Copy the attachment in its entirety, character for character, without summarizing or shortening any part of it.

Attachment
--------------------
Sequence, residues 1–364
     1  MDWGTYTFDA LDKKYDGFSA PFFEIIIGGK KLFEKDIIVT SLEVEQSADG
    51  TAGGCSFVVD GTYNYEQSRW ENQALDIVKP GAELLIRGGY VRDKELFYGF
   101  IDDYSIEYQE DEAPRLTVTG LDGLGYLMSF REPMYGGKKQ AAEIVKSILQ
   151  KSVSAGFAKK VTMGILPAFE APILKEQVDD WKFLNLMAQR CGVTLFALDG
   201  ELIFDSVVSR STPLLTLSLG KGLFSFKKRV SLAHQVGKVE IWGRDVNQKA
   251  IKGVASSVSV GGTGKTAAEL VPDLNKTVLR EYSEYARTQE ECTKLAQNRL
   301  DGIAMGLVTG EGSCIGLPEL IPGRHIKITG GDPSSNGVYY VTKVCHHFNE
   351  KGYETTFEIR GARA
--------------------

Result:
Sequence, residues 1–364
     1  MDWGTYTFDA LDKKYDGFSA PFFEIIIGGK KLFEKDIIVT SLEVEQSADG
    51  TAGGCSFVVD GTYNYEQSRW ENQALDIVKP GAELLIRGGY VRDKELFYGF
   101  IDDYSIEYQE DEAPRLTVTG LDGLGYLMSF REPMYGGKKQ AAEIVKSILQ
   151  KSVSAGFAKK VTMGILPAFE APILKEQVDD WKFLNLMAQR CGVTLFALDG
   201  ELIFDSVVSR STPLLTLSLG KGLFSFKKRV SLAHQVGKVE IWGRDVNQKA
   251  IKGVASSVSV GGTGKTAAEL VPDLNKTVLR EYSEYARTQE ECTKLAQNRL
   301  DGIAMGLVTG EGSCIGLPEL IPGRHIKITG GDPSSNGVYY VTKVCHHFNE
   351  KGYETTFEIR GARA